Justice Dinesh Maheshwari, a First-Generation Judge with a Legacy of Legal Excellence, retires

justice dinesh maheshwari

Justice Dinesh Maheshwari is a renowned Indian jurist who has made significant contributions to the legal system in India. Born on May 15-05-1958, in Udaipur, Rajasthan1, Justice Maheshwari has a distinguished career spanning over three decades in the legal field.

  • Did you know? Justice Dinesh Maheshwari’s father, late . R.C. Maheshwari was a prominent advocate in Jodhpur and his grandfather late Jagannath Kahalya was also a lawyer.2


Justice Maheshwari completed his BSc (Hons.) in physics from Maharaja’s College, Rajasthan University, Jaipur in 1977. He then went on to study law at the University of Jodhpur and obtained his Bachelor of Laws (LL.B.) degree in 1980.

Career as an Advocate

Justice Maheshwari started his legal career as an advocate at the High Court of Rajasthan and enrolled with Bar Council of Rajasthan on 08-03-1981. He practised on original and appellate sides before Rajasthan High Court and its subordinate Courts and mainly dealt with civil and constitutional matters.3

Justice Maheshwari served as the counsel for Revenue and Excise Departments of Government of Rajasthan and for several local bodies and corporations. He had also been co-opted member on various disciplinary committees of the Bar Council of Rajasthan.4

Career as a Judge

After practicing for 23 years, Justice Maheshwari was elevated as a judge of the High Court of Rajasthan on 02-09-2004. He also served as Chairman of Rajasthan State Judicial Academy and as Administrative Judge of the High Court of Rajasthan.

  • Did you know? Justice Maheshwari hails from lawyers’ lineage and is a first-generation judge.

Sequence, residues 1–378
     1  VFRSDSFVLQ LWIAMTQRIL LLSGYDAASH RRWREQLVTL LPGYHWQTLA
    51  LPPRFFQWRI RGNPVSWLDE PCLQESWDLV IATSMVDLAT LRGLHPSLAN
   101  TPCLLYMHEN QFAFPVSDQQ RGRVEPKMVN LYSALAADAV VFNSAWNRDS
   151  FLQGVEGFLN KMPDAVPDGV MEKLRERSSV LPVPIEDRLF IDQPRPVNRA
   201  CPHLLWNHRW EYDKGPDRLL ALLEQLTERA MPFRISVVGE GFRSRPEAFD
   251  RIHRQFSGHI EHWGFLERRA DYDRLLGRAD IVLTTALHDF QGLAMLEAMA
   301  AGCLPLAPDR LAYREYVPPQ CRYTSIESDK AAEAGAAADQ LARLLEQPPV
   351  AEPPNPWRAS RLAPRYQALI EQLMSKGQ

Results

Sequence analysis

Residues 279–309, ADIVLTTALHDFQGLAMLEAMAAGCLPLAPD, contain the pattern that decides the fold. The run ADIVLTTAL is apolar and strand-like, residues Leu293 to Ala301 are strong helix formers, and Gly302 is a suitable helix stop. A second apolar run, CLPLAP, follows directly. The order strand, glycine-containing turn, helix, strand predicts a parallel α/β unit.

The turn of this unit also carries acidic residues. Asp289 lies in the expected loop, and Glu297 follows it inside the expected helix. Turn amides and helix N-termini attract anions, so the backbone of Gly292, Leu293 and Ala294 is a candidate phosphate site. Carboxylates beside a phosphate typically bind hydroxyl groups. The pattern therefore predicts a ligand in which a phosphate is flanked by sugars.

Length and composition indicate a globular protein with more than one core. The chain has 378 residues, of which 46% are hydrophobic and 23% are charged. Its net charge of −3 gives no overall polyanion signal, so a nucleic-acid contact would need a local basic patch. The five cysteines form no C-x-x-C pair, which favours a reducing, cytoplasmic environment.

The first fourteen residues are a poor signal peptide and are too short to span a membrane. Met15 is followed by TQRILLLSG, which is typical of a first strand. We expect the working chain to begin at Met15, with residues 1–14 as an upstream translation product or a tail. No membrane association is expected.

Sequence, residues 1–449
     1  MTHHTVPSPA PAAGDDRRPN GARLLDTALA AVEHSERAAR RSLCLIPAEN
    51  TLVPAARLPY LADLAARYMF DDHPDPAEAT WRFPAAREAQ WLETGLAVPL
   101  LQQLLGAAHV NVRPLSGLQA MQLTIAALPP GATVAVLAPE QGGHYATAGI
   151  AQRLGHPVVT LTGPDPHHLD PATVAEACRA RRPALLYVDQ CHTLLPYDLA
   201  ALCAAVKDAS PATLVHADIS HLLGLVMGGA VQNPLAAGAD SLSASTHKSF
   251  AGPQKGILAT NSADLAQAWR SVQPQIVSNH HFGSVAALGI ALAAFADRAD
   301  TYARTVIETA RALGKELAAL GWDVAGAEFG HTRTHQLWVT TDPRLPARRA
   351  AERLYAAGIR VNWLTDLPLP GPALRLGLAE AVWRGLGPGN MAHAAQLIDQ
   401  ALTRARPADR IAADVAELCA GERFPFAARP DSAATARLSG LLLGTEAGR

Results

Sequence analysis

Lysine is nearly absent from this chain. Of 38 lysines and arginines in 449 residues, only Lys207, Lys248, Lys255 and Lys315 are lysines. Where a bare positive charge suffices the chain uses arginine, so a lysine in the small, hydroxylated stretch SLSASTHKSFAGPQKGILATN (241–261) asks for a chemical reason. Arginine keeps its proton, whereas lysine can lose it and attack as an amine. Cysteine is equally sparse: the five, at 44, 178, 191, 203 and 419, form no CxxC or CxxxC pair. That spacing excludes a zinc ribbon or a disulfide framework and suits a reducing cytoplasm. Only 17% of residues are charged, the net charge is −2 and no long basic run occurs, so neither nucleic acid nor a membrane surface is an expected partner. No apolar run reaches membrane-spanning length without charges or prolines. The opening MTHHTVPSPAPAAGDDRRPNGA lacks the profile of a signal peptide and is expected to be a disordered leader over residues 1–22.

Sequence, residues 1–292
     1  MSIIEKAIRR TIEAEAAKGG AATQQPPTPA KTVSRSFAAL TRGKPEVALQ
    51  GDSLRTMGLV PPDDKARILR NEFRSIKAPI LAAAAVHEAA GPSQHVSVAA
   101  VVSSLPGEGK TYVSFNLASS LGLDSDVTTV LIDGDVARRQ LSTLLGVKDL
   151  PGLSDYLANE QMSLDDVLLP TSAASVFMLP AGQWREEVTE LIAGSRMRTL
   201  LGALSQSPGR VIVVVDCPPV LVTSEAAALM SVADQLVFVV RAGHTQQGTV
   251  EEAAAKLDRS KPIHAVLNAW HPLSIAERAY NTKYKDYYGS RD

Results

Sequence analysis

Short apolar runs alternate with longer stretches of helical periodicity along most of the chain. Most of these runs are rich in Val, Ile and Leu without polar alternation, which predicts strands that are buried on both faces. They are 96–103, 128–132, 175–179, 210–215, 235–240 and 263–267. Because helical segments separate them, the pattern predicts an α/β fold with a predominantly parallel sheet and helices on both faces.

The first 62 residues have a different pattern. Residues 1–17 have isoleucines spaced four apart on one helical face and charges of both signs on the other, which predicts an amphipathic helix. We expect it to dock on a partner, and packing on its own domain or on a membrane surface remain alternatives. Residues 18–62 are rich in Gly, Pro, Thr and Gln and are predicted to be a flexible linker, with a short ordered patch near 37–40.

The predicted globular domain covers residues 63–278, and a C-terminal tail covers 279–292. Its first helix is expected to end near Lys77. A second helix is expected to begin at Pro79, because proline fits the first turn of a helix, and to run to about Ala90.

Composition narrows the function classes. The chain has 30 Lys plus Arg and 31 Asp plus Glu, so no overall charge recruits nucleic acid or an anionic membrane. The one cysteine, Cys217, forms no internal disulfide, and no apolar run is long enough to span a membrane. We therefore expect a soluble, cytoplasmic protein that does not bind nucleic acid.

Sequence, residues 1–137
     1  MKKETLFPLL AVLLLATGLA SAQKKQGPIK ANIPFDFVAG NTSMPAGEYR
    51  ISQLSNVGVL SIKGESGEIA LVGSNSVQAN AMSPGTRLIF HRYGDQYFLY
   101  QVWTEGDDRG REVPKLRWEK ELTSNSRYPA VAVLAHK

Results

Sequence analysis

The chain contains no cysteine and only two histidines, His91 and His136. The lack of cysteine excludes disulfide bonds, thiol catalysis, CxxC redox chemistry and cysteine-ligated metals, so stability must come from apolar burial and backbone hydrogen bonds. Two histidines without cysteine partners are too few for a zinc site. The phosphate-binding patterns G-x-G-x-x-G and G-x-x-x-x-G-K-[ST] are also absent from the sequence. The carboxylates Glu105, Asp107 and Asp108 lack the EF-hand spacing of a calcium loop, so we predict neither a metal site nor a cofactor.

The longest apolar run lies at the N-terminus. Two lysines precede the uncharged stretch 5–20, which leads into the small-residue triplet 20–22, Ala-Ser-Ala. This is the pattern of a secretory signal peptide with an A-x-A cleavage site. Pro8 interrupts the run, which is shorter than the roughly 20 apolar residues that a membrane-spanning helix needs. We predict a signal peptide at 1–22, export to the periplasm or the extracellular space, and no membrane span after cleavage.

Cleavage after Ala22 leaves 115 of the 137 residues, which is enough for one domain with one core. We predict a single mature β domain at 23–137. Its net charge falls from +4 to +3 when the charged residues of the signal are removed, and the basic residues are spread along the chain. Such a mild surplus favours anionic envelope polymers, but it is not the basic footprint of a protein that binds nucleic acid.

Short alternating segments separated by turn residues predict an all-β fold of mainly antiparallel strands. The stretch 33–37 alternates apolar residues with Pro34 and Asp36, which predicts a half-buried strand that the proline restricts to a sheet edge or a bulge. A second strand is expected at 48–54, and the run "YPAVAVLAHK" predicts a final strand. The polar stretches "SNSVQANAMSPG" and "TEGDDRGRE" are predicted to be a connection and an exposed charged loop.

Justice Maheshwari was elevated as a Judge of the High Court of Judicature at Allahabad and took oath on 19-07-2014. On 24-02-2016, he took oath as Chief Justice of the High Court of Meghalaya.5 He was then appointed as Chief Justice of High Court of Karnataka and took oath on 12-02-2018.6 Justice Maheshwari was elevated as a Judge of the Supreme Court of India by the collegium and took oath on 18-01-2019.

Important Judgments

Justice Maheshwari is known for his deep knowledge of the law, impartiality, and dedication in upholding the principles of justice. Throughout his legal career, he has gained a reputation for his exceptional legal skills and has presided over several landmark cases that have had a significant impact on Indian jurisprudence, and his opinions are often cited by other judges and legal scholars. Some of his prominent Supreme Court and High Courts judgements are discussed below.

Supreme Court

While exercising their appellate jurisdiction, the division bench of Dinesh Maheshwari* and Hrishikesh Roy, JJ, in Thiru K. Palaniswamy v. M. Shanmugan, 2023 SCC OnLine SC 177, affirmed the Madras High Court order allowing Edappadi Palaniswami to continue as the interim general secretary of All India Anna Dravida Munnetra Kazhagan (‘AIADMK’). The Court states that the courts should not interfere in the internal issue of a party and leave it open to the party and its members to take a particular decision for better administration.

In Isolators & Isolators v. M.P. Madhya a Kshetra Vidyut Vitran Co. Ltd., 2023 SCC OnLine SC 444, a writ petition challenging Madhya Pradesh High Court’s orders maintaining debarment and imposition of penalty against the appellant firm by Madhya Pradesh Madhya Kshetra Vidyut Vitran Co. Ltd. (‘MPMKVVCL’), the Division Bench of Dinesh Maheshwari* and Sanjay Kumar, JJ. quashed and set aside the High Court’s order debarring the appellant for 3 years and restricted any kind of recovery of penalty from the appellant. The Court observed that the High Court had the opportunity to correct the obvious errors in its order, since one part of the matter was not even considered, and the other part also lacked requisite attention to contentions.

In Bhasin Infotech & Infrastructure (P) Ltd. v. State of U.P., 2023 SCC OnLine SC 290, a Transferred Civil Case registered after withdrawal of writ petition filed in Allahabad High Court to this Court challenging order dated 24-1-2022 by Uttar Pradesh State Industrial Development Corporation (‘UPSIDC’) for not accepting proposal to convert the subject land (‘Grand Venice Mall’) from leasehold to freehold as per policy dated 6-11- 2013 amended on 3-5-2016, the Division Bench of Dinesh Maheshwari* and J.K. Maheshwari, JJ. found the petitioner company’s claim baseless since the impugned government policy came into effect much later and held that the order dated 24-1-2022 does not suffer from any infirmity, and that freehold rights cannot be granted against the terms of allotment and sale deeds.